Andrew Sullivan: And so it seems to me completely plausible — even inevitable — that Mueller will be fired too at some point. More saliently, if his team’s work eventually exposes and proves Trump’s obstruction of justice, the only possible recourse, impeachment, will never happen. There will never be 18 Republican senators who will vote against the leader in this Congress or any other. We will have a criminal in the White House indefinitely, utterly impervious to sanction, and emboldened even further. And he will have brought almost half the country along with him, digging deeper in with every news cycle.

David Frum makes basically the same point about 18 Republican Senators, as conviction requires a two-thirds vote.

Chiat's piece elaborates on the headline:Trump Can Commit All the High Crimes He Wants. Republicans Aren’t Going to Impeach Him.  His reasons are political: the dictator apprentice is adhering to a far right agenda which will preserve his core political support among voters, the same voters that R members of Congress need to win their primaries.  The long version:

"Many conservatives opposed Trump during the primaries because they suspected, with good reason, that his conservatism was shallow or insincere. They worried that, once elected, Trump would abandon their priorities and pursue the most expedient course.

But Trump has not done that at all. The policies or talking points Trump has abandoned are the centrist ones: He would protect Medicaid from cuts, give everybody terrific coverage, hammer the big banks, spend a trillion dollars on infrastructure, and cut deals with both parties. This week, Trump formally abandoned the last possible area of ideological compromise in infrastructure, “clarifying” that his plan relies on private industry, states, or cities ponying up the money. Trump’s budget actually cuts federal investments in infrastructure. He has positioned himself to the right of even House Republicans on domestic spending, and continues to push for their grossly unpopular plan to cut a trillion dollars from Obamacare. “The Never Trump conservative argument that Trump is not a conservative — one that I, too, made repeatedly during the Republican primaries — is not only no longer relevant, it is no longer true,” points out the popular conservative talk-show host Dennis Prager.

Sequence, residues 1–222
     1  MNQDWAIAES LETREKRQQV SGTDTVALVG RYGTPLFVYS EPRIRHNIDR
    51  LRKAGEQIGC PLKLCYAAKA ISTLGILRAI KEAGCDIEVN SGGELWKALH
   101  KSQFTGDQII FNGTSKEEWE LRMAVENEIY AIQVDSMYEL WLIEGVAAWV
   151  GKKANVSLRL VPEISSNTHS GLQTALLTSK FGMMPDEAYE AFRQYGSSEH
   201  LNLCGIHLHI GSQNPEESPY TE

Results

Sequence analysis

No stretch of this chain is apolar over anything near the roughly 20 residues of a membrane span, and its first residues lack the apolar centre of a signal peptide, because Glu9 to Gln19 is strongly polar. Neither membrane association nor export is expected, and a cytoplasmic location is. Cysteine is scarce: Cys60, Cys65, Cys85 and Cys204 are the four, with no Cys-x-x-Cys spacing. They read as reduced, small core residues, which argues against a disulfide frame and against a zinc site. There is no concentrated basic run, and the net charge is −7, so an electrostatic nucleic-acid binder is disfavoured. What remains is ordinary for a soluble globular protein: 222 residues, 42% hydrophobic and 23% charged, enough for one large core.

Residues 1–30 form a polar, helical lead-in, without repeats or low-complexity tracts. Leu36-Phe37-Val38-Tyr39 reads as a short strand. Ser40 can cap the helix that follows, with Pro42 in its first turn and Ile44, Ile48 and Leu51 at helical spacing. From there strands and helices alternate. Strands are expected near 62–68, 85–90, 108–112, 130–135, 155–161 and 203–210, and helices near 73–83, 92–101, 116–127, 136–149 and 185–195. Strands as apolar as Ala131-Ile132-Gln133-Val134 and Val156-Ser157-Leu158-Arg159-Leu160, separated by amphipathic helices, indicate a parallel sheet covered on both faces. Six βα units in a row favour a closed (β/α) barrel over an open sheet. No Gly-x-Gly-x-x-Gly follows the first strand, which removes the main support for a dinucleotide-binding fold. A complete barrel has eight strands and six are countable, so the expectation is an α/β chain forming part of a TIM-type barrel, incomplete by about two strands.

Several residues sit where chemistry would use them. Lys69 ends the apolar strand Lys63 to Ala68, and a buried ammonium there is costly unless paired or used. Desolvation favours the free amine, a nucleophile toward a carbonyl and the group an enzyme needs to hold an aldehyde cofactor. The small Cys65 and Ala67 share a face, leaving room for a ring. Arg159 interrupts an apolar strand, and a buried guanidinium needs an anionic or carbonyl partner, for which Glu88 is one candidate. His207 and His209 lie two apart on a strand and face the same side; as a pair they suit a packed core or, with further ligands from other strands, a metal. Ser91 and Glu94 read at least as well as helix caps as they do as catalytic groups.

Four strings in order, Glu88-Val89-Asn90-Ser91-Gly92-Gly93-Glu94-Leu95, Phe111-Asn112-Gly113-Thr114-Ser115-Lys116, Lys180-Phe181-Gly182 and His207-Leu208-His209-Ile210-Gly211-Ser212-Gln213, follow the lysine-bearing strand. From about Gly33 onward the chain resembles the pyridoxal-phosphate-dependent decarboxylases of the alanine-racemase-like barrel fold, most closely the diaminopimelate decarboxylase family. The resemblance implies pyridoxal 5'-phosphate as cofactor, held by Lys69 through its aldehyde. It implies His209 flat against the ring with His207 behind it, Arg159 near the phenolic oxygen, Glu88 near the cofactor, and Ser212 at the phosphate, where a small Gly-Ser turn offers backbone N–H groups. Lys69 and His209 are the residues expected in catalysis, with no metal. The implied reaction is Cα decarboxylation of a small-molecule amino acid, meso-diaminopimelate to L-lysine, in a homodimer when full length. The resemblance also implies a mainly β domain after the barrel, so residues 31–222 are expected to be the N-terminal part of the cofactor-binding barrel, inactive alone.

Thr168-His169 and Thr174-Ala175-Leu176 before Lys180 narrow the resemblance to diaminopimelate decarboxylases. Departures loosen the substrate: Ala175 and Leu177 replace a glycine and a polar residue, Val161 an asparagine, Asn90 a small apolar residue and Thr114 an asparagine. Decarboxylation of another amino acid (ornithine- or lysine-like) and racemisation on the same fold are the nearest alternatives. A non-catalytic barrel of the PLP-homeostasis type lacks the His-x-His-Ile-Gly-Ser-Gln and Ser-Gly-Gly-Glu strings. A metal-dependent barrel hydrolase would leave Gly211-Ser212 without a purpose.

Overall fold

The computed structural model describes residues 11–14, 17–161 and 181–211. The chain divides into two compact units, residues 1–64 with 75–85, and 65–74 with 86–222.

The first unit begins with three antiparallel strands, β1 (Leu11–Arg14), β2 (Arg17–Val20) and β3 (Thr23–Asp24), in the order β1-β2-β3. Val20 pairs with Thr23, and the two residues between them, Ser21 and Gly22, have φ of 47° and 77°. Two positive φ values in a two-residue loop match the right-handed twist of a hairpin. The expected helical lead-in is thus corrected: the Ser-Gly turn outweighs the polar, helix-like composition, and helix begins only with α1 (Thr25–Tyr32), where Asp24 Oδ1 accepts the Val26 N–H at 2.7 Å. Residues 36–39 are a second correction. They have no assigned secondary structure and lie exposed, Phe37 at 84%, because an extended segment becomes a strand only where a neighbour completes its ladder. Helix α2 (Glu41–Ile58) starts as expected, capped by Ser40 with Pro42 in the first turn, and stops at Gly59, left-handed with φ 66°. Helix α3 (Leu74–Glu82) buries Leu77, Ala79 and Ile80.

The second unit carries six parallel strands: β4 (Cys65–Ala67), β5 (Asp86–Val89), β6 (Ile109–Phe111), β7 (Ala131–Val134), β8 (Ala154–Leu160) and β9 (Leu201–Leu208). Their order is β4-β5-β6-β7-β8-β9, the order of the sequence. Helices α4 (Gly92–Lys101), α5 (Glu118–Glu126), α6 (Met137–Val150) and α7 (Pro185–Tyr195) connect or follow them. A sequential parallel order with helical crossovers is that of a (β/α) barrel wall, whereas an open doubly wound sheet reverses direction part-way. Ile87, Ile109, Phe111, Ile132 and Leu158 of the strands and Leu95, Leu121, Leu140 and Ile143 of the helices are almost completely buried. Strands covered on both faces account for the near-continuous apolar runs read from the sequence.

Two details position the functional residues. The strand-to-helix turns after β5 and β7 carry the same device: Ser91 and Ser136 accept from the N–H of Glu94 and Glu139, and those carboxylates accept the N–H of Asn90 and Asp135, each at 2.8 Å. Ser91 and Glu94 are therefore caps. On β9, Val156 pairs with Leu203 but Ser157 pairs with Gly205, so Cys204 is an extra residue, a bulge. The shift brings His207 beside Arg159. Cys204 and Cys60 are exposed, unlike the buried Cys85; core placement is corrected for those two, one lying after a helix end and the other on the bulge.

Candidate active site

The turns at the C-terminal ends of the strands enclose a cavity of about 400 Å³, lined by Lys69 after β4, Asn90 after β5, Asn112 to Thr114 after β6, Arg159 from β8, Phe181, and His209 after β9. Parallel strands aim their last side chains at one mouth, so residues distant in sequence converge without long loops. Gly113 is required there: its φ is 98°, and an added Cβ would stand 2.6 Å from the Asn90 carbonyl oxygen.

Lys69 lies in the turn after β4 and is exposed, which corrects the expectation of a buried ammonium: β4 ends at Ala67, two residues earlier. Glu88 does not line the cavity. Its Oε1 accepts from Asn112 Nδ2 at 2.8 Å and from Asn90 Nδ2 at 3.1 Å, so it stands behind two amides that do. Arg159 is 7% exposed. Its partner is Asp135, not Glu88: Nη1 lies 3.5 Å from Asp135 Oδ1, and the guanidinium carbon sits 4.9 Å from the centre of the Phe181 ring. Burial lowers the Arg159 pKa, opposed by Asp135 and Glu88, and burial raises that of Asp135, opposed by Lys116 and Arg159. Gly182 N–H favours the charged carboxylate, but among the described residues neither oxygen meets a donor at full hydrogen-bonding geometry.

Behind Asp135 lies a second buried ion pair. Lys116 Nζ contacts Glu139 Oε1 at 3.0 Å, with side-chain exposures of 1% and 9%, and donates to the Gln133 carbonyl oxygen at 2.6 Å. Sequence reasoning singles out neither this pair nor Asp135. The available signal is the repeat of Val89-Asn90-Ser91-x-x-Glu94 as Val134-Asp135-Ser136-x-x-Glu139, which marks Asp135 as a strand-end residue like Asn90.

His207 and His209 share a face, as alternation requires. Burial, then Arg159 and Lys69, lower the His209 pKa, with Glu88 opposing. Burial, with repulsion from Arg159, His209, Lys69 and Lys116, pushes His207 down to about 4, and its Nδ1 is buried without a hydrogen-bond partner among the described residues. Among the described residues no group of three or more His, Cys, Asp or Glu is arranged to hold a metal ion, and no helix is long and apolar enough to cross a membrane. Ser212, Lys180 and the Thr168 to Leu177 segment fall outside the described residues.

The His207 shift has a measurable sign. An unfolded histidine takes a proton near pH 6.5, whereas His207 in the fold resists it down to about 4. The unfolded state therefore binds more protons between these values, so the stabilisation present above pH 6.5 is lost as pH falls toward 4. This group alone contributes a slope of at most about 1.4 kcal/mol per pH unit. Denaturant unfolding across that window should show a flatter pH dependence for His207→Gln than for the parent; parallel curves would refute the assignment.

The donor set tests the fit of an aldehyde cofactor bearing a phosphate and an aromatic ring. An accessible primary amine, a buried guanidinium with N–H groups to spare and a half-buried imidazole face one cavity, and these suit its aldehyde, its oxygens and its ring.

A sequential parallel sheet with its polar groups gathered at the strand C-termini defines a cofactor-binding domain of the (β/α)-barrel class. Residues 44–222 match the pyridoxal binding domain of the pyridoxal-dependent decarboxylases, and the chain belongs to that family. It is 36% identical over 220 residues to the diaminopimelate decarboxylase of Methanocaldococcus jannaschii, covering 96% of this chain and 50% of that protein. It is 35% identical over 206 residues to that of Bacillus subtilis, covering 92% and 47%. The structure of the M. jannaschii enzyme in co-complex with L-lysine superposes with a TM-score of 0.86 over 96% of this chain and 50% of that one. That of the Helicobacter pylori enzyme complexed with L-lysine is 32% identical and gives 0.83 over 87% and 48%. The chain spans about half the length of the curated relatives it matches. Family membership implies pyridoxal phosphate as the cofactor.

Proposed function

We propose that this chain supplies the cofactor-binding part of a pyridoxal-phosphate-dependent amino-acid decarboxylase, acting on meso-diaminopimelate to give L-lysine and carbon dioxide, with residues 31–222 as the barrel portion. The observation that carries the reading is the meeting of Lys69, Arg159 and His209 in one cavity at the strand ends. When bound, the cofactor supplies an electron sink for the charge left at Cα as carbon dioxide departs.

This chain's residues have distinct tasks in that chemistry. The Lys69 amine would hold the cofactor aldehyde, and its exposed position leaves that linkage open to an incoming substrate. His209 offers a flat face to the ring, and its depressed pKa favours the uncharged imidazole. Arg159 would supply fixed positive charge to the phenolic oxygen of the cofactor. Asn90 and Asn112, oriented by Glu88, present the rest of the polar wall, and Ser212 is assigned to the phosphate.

Trump is faithfully supporting the conservative agenda, so most conservatives faithfully support him. Their concerns are pragmatic ones about his effectiveness on behalf of their common agenda, rather than moral objections to the legitimacy and propriety of his actions. Trump may have committed impeachable offenses, but the impeachment clock has not even begun to move."